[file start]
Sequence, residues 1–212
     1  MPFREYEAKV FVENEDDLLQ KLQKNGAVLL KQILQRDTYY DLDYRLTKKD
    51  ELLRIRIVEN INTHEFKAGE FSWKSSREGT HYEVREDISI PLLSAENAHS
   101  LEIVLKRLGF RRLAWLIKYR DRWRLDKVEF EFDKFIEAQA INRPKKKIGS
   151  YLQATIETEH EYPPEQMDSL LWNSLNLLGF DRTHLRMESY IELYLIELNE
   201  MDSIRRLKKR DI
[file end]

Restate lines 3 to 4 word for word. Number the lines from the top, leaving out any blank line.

    51  ELLRIRIVEN INTHEFKAGE FSWKSSREGT HYEVREDISI PLLSAENAHS
   101  LEIVLKRLGF RRLAWLIKYR DRWRLDKVEF EFDKFIEAQA INRPKKKIGS